leopoldsmains9+1+of+1.jpg

Inside the dunnage warehouse—an exposed floor building with no electricity and all natural lighting—the temperatures fluctuate greatly between the hot Colorado summers and frigid Denver winters, creating the perfect environment for whiskey maturation. It’s there that you’ll find Leopold Bros single malt, Tennessee style whiskey, Maryland style rye whiskey, Bottled in Bond Bourbon, and the coveted Leopold three chamber rye still whiskey still in its infancy. All five whiskies are beyond anything Leopold has brought to the general market thus far, and—with the exception of the Maryland rye—four of them have never been released whatsoever. But it’s not just the fact that Todd Leopold is making Bourbon, or Tennessee whiskey, or three chamber still rye that should have you excited. It’s that Todd Leopold is going back into historical manuals, doing his homework, researching even the filling proofs of these former whiskey styles, and incorporating a number of traditional and overlooked techniques long forgotten by the current generation of distillers in order to do so.

Todd is a dedicated researcher and reader of old documents. He spends his free time digging out the recorded minutes from forgotten community farmer meetings, or various malting essays written by brewers in the 1920s. Even Vendome, the heralded American still company that made the three chamber still for him, doesn't really understand how it works—and that's exactly how Todd likes it. It’s his reenactment, and it’s that dedication to detail that sets Leopold Bros apart from the general market in a major way. Working from a design he located in an old diagram of Hiram Walker's former plant in Peoria, Illinois back in 1910, Todd helped to create this three column monster that—despite its look—distills in batches rather than continuously. I don't want to give away too many of Todd's secrets, but lets just say that there is mash loaded into each level and as the liquid vaporizes it passes through the mash as it moves up through the chamber. Think of gin vapor moving through a botanical basket, but instead it's actual whiskey vapor moving the same flavorful whiskey mash from which it was originally boiled. Todd has been distilling rye on this beast for the last few years and the result is pretty ungodly. We're still a ways away from a release to market, but expect heads to explode once Todd finally decides to share it. The resulting spirit is far more flavorful and oily than any rye whiskey I've ever tasted. I can't even imagine what it will taste like after four years in wood.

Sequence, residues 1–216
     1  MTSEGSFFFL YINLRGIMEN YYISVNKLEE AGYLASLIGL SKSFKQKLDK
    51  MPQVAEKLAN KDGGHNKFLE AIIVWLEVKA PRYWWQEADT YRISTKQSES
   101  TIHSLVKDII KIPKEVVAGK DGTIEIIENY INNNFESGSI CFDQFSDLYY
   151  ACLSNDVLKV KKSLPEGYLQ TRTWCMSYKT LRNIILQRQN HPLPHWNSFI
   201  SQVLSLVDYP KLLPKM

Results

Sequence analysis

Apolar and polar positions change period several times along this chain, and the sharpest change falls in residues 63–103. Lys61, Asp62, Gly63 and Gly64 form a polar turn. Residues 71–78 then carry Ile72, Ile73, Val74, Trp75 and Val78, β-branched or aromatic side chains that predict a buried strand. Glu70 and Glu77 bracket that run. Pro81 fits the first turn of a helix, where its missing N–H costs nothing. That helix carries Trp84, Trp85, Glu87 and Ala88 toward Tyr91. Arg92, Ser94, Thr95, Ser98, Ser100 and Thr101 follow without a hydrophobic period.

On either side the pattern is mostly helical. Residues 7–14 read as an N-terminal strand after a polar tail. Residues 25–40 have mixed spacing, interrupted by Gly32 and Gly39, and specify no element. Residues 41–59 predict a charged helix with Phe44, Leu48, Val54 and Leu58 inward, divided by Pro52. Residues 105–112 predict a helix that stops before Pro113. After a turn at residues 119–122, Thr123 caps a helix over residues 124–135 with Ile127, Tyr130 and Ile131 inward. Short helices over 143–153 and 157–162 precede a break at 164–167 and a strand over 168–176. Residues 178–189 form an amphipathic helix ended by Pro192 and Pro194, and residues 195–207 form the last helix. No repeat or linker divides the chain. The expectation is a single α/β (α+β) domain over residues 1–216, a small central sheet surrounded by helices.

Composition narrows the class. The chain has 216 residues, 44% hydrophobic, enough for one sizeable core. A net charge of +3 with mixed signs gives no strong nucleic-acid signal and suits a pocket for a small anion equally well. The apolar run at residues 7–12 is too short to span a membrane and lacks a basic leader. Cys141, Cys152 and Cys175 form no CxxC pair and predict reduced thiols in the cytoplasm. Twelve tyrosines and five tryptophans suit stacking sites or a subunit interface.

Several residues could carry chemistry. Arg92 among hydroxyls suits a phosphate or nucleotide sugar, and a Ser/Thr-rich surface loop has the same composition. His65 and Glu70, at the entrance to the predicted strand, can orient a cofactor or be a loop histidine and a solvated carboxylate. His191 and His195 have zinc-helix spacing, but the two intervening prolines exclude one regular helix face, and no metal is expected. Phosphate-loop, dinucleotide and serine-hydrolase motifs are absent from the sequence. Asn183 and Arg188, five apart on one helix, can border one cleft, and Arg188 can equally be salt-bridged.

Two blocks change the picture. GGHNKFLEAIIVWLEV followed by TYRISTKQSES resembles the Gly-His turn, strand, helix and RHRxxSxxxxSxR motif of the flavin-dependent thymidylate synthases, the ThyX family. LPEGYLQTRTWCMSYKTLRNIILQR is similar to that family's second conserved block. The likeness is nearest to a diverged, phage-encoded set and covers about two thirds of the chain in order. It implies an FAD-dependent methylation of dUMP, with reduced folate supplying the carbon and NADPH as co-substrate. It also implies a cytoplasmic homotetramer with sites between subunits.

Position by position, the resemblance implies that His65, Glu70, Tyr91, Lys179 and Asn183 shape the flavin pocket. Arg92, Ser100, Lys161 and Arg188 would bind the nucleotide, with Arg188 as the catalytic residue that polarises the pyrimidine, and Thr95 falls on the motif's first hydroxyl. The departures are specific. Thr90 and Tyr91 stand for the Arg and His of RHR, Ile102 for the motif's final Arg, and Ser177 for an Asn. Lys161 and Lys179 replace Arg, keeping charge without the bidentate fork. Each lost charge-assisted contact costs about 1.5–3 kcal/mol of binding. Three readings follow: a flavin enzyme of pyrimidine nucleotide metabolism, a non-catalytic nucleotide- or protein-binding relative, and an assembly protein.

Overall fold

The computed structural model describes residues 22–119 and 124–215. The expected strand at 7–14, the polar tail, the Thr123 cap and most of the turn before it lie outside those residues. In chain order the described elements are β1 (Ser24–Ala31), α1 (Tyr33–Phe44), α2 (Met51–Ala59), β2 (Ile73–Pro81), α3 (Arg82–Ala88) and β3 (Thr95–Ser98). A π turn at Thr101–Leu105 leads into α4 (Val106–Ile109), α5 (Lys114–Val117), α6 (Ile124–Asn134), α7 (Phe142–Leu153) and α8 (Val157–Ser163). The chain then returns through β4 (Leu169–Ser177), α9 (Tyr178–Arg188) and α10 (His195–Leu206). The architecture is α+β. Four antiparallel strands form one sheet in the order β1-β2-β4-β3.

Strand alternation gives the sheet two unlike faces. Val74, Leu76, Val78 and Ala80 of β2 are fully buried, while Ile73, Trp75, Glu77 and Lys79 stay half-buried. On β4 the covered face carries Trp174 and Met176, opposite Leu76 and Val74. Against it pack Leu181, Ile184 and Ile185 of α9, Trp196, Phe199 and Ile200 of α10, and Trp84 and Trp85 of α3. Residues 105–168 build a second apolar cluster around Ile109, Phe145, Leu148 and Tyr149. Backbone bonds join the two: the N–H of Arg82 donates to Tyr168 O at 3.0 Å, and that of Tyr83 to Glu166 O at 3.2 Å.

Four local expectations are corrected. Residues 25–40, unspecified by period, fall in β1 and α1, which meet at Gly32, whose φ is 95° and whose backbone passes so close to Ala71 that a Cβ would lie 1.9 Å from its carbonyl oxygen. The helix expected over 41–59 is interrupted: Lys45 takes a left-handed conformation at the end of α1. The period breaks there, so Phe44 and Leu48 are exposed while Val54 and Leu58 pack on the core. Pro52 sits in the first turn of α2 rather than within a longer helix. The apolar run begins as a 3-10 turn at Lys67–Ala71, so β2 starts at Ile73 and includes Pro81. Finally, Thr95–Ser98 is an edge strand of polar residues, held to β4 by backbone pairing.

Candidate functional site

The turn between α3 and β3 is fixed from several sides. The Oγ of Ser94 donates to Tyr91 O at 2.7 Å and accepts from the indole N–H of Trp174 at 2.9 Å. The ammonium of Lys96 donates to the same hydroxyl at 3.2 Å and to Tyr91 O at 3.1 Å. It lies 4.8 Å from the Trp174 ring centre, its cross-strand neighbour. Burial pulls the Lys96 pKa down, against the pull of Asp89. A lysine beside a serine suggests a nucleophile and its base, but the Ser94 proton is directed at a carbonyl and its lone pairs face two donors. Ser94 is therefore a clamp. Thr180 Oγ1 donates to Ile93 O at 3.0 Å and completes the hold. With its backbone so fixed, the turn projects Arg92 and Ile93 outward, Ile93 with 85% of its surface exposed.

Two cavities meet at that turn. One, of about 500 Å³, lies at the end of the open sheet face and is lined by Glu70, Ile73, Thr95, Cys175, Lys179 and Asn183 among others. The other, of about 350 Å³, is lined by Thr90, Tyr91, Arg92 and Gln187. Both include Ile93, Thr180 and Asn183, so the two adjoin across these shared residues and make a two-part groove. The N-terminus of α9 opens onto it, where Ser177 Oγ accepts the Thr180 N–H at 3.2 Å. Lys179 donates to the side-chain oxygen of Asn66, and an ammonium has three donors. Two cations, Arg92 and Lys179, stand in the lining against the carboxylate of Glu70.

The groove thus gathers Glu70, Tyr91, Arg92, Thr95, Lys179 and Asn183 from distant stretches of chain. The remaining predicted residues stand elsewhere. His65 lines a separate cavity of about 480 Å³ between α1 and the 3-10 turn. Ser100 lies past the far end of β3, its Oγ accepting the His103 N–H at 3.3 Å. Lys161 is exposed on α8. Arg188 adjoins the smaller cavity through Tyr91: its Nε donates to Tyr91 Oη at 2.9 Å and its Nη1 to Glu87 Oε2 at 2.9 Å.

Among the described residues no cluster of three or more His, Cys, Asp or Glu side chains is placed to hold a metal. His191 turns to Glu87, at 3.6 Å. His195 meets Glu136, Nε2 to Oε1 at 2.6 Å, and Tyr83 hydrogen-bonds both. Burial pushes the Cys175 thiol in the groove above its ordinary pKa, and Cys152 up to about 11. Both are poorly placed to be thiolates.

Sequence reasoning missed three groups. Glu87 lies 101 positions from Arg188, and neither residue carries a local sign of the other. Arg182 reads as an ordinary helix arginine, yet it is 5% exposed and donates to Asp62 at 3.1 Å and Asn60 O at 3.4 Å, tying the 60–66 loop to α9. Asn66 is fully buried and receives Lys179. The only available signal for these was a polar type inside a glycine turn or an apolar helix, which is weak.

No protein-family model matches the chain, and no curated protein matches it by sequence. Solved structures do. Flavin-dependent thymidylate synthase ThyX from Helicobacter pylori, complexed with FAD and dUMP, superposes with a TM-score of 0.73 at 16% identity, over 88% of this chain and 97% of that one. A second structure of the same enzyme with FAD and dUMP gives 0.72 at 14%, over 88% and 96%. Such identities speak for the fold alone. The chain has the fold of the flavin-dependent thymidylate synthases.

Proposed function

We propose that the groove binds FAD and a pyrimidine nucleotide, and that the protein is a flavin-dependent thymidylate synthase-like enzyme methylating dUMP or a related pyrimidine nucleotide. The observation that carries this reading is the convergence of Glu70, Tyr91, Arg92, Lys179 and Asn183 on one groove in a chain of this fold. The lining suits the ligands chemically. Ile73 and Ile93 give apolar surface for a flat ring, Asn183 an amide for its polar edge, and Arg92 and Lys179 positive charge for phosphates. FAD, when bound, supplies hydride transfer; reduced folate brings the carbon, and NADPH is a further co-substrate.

Screen Shot 2018-12-01 at 8.44.12 AM.png

From the particular strain of the barley and rye, to the hands on specifics of floor malting, to the kilning and the milling of the grain, to the cultivation of yeast, to the time and temperature of fermentation, to the type of still, to the charring of the barrel, to the natural conditions of the warehouse, Todd Leopold has geeked out about the minute details of whiskey production to a level perhaps unseen in this business. He’s not only the co-owner of his company, never having taken investment from any outside corporate interest, he’s the bonafide expert of every single process of its production from front to back. In the process, he’s become a beacon of American distillation knowledge; a veritable sponge of semantics. But does that maniacal level of dedication make the whiskey taste better, you ask? I don’t want to ruin the ending of such a great story so far in advance, but you’ll know more very soon—right about the time the Leopold brothers take over the world.

As we finished our phone conversation, Todd ran through a list of new projects he had on the books for 2019, details that I wouldn’t dare give away, but completely blew my mind. What you should be most excited about is this: everything that American farmers, maltsters, brewers, and distillers have discarded and removed from whiskey production over the last century in the name of efficiency and economics has been painstakingly researched, rediscovered, and reinserted back into the process by Todd Leopold, planned and forecasted by his brother Scott to be reasonably-priced and available to the market only when the whiskey itself is at peak deliciousness. While other craft distillers have scrambled to bring their whiskies to the market as fast as possible (only to have sales reps scratching their heads), the Leopolds have remained patient and prepared for the future. A future based on the reality of supply and demand. A future based on quality over quantity. A future where consumers spend an appropriate amount of money on whiskey that is well-made, sustainable, interesting, and enjoyable.

I’m happy as hell to report: that future is now.

-David Driscoll